For the past six years, Toronto-based NuraLogix has been working on technology that translates blood flow patterns on a person’s face into insights about their health and psychology.
Based on a 30-second video, the company’s app uses artificial intelligence to track changes in the translucency of facial skin, enabling health professionals to remotely monitor high blood pressure and cardiovascular disease.
These measurements can be potentially used to determine an individual’s emotional state – and even detect lies. This leads to another, more sinister potential application for the technology as a public security tool.
That has garnered interest from Chinese companies selling mass surveillance systems, leading human-rights researchers to question the implications of NuraLogix’s work. The Canadian firm at one point signed an agreement to share information and resources with Joyware Electronics, a Hangzhou-based firm with government ties. No commercial products for public security resulted from the deal, according to NuraLogix’s CEO.
Maya Wang, senior China researcher for Human Rights Watch, said that Chinese public security companies are keenly interested in augmenting mass surveillance systems with emotional recognition technology. “China’s mass surveillance system emphasizes facial recognition, but the intention is to develop a portrait of citizens, comprising DNA, voice biometrics, iris scans, and gait information,” she said. “Some companies are arguing for emotional recognition as a next step along from face recognition.”
While NuraLogix insists its focus is now digital health, the company has its genesis in the pioneering work exploring deception in children by its co-founder, professor Kang Lee of the University of Toronto’s Ontario Institute for Studies in Education.
Dr. Lee has decades of experience in the field, but his work at U of T involved mapping how children’s faces responded to images designed to elicit disgust, joy and sadness, as well as a so-called “neutral” emotion.
“We trained [a] machine using facial blood flow data to tell what emotional state the person is in,” Dr. Lee said in an interview. “The idea was to take this tech for use in lie detection.”
U of T’s Innovations and Partnerships office and Toronto Innovation Acceleration Partners, a non-profit academic incubator, assisted Dr. Lee with launching NuraLogix in 2015. The Natural Science and Engineering Research Council (NSERC), a federal agency, provided grant funding worth $115,000 to enable NuraLogix to purchase new equipment for Dr. Lee’s U of T lab, where the company retains a base.
NuraLogix has since garnered international plaudits for pioneering Transdermal Optical Imaging (TOI). Users of NuraLogix’s Anura app take a 30-second video of their face, which is then analyzed in near real-time by an AI engine, DeepAffex, trained to recognize how the translucency of facial skin changes in relation to heart rate.
In 2016, Dr. Lee pitched the technology to the U.S. Department of Homeland Security and Transport Security Administration in Boston. At that point, just one year after it was founded, NuraLogix presented TOI as “a new frontier of threat and deception detection [that] uses conventional video cameras to remotely, non-invasively, and covertly reveal hidden emotions associated with threat and deception.”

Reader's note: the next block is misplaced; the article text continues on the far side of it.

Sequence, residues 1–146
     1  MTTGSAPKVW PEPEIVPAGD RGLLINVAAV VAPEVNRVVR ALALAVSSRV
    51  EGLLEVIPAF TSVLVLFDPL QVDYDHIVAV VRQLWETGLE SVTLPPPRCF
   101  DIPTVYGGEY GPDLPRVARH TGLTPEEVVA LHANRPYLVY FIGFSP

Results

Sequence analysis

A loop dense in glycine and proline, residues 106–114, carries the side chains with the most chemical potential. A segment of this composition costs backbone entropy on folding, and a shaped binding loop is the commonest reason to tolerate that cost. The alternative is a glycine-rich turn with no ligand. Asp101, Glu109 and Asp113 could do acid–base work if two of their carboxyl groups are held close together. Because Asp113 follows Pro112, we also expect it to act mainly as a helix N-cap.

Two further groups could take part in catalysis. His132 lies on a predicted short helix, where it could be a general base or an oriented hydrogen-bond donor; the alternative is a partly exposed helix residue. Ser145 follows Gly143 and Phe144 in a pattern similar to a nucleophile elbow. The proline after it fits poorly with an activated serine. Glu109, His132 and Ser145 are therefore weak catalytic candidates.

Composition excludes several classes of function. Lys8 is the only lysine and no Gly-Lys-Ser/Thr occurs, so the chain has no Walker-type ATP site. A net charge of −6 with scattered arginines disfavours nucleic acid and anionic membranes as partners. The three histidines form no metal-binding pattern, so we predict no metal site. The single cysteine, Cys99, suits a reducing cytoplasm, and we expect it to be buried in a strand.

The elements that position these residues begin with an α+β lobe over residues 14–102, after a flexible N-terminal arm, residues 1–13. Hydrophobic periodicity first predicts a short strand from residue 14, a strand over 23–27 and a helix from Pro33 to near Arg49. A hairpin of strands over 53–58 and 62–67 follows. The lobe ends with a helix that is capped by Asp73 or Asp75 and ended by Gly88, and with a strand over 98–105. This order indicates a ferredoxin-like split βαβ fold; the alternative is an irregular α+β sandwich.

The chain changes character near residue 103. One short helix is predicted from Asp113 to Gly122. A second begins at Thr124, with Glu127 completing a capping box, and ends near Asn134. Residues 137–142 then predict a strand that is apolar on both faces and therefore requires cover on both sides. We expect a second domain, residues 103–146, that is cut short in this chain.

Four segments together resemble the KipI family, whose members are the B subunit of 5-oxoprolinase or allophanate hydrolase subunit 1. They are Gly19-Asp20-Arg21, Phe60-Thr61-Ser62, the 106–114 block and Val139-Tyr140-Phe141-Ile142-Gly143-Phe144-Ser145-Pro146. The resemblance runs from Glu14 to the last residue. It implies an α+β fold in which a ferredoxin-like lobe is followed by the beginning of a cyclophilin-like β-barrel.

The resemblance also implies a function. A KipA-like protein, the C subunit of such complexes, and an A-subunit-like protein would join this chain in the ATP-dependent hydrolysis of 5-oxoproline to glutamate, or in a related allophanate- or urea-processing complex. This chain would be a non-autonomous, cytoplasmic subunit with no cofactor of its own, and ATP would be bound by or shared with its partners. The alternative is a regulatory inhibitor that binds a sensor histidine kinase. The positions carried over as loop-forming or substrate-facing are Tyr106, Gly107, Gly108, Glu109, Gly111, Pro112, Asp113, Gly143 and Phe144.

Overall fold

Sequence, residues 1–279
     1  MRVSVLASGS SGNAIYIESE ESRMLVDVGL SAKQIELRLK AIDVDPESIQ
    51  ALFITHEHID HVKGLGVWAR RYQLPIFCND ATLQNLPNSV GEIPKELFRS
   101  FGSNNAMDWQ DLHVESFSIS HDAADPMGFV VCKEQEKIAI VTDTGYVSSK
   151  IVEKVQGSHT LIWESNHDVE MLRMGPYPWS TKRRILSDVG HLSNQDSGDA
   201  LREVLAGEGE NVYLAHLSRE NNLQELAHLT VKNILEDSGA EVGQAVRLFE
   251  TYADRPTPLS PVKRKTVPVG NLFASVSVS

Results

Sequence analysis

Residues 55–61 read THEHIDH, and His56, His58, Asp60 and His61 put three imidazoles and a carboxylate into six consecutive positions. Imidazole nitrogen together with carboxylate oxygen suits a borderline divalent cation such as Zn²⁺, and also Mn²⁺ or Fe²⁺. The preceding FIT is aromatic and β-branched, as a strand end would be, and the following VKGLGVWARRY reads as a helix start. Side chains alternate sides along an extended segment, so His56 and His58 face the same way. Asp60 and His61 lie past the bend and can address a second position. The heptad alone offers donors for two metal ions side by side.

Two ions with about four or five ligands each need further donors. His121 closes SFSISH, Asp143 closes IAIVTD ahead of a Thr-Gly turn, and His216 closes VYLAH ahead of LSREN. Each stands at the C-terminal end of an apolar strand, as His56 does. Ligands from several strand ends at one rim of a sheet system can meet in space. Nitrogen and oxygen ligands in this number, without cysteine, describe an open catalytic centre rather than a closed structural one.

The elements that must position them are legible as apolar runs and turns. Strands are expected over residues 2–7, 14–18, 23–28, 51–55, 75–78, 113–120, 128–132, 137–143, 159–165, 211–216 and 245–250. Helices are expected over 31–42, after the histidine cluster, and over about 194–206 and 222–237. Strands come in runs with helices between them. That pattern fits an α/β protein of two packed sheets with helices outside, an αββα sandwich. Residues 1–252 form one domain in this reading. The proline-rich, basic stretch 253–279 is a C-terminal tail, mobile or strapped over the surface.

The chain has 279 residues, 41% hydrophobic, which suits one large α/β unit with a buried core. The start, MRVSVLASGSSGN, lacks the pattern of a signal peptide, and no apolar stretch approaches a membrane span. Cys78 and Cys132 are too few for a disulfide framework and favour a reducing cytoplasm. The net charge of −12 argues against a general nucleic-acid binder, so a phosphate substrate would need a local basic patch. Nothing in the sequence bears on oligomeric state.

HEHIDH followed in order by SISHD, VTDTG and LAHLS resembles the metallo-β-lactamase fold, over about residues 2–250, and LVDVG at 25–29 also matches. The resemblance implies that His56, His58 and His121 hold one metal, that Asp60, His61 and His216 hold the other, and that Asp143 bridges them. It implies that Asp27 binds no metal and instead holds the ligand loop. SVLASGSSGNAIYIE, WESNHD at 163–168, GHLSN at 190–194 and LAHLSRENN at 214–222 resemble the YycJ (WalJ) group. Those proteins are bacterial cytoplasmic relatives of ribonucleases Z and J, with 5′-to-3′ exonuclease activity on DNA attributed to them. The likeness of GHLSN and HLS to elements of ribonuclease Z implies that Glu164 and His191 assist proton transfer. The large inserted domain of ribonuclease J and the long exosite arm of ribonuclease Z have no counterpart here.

Dr. Lee said that although they had set out to give a talk about the future of airport security, the U.S. government officials suggested health care would be a more beneficial application for a technology capable of remotely detecting shifts in blood pressure and stress levels. “So, on the way back to Toronto, we decided that we would not do anything with lie detection for the time being, but we would help people with their health,” Dr. Lee said.
NuraLogix has subsequently signed several high-profile partnerships for its health and wellness applications, including with Sanitas, a leading Spanish medical insurance company.
But in 2018, despite the advice of the U.S. security officials, the company agreed to co-operate with Hangzhou-based Joyware Electronics to develop emotional recognition technology for use in public security settings such as railway stations and airports.
Joyware sells facial recognition-enabled public security services, including the “Sharp Eyes” system that has been used to persecute Uyghur Muslims in Xinjiang, where Canada’s Parliament has declared a genocide is ongoing. Sharp Eyes combines advanced surveillance technologies with crowdsourced monitoring hearkening back to the Mao era, that could potentially be used to infringe on individual privacy and to persecute dissent in China, according to Dahlia Peterson, a research analyst at the Center for Security and Emerging Technology at Georgetown University.
NuraLogix (Hangzhou) Artificial Intelligence Co., NuraLogix’s wholly owned affiliate in China, agreed to exchange information and resources to assist Joyware with detecting psychological stress, blood pressure and breathing rate, according to a disclosure to the Shenzhen Stock Exchange.
The companies aimed to develop two major product lines: AI-enabled public safety analysis systems and polygraph products that can detect emotions in interrogation settings, the disclosure said.
While Joyware was ostensibly a private company when the agreement with NuraLogix was signed, experts suggest that any public security company working in China will, by definition, maintain an integral relationship with the state.
“The Party and the Chinese entity are partners, working towards a common goal – to acquire cutting edge foreign technology for the benefit of China as a whole,” said Steve Dickenson, a lawyer at Harris Bricken who co-authors the popular China Law blog.